Enclosure of the English Commons
Commentary on the enclosure of land in England is most commonly concerned with the years 1750–1830, the era of parliamentary enclosure, although the process of changing the agrarian landscape had been occurring as far back as Shakespeare's time. In general, the term enclosure refers to the shift from communal to individual agriculture through the consolidation of scattered properties, usually under one landlord/landowner, and the abolition of grazing and planting rights to common lands. Many recent studies have focused on economic and historical considerations and have addressed both the advantages and disadvantages of enclosure in terms of its effect on agricultural production, on the rural laborer and farm employment, on the widening gap in income distribution between the small and large landowner, and on the growth of English population overall. In the eighteenth-century some English critics argued that these changes enriched the large landowners at the expense of the poor. Others argued that although the new allotments to small farmers might have been inadequate for their needs, the positive change in the nature of agriculture in England as a whole, from subsistence farming to a source of wealth for the nation, cannot be ignored. The fact that enclosure was a significant social and historical phenomenon in England is undisputed by commentators.
Recent examinations of the changes wrought by enclosure of the commons tend to place them within the context of transformations occurring in other areas of English life at that time: changes in industrial production, for example, or the development of mechanical processes, the introduction of interest rates, or the increase in population. However, for nineteenth-century poets like John Clare and, to a lesser extent, William Barnes, enclosure brought only suffering and injustice. Clare lived in Northamptonshire, one of the counties in England hit hardest by parliamentary enclosure. Clare was not concerned with the economics of enclosure or how it affected England's trade with other countries, but with its altering of the landscape and its effects on rural laborers in terms of their happiness and freedom. A poor man often referred to as a “peasant-poet,” Clare belonged to a tradition of rural dissent, and his poems are those of social protest; they are not nature lyrics or landscape poems.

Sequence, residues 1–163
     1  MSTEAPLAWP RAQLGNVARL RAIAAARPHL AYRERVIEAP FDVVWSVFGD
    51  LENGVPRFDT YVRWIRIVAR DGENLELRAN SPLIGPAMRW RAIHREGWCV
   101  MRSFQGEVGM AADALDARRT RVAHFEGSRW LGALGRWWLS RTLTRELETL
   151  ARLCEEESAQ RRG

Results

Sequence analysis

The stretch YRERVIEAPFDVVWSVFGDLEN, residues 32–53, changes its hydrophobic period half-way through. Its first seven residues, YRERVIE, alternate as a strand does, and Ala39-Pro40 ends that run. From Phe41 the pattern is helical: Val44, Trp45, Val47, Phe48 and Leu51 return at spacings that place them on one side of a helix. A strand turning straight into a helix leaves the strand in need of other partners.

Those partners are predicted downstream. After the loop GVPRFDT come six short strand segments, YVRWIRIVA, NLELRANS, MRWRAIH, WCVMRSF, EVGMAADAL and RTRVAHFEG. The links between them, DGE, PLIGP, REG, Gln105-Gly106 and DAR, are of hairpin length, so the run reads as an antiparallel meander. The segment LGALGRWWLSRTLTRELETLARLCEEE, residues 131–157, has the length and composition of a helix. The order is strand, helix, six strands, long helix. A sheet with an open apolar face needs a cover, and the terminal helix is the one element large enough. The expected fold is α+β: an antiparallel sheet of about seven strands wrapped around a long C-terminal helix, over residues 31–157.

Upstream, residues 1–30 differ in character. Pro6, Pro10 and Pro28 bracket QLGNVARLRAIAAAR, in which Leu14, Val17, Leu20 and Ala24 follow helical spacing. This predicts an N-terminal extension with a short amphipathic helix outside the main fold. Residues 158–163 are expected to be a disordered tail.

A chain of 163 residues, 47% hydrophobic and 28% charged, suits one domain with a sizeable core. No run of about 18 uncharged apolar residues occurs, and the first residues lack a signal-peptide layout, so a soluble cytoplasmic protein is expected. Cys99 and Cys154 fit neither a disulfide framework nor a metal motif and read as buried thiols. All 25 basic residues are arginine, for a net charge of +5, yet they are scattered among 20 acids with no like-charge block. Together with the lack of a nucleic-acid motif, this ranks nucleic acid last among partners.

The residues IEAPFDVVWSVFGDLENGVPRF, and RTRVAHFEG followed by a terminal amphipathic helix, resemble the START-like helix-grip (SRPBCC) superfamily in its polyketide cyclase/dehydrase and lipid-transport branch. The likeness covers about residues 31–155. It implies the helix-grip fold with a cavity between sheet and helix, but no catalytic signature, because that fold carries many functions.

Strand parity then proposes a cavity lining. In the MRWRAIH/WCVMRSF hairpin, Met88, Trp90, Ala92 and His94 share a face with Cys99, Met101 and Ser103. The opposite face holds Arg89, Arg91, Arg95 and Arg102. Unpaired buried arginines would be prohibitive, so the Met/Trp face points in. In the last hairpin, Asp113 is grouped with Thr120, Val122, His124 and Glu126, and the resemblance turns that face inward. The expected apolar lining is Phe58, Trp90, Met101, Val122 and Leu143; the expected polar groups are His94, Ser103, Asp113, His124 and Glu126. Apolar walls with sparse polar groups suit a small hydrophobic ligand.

William Barnes also opposed enclosure in his poetry. Unlike Clare, Barnes's primary concern was with returning to a pre-industrial past of cottage industry in which the burgeoning social problems of England did not exist. He advocated self-help for the sake of self-respect and abhorred the idea of an idle rich class.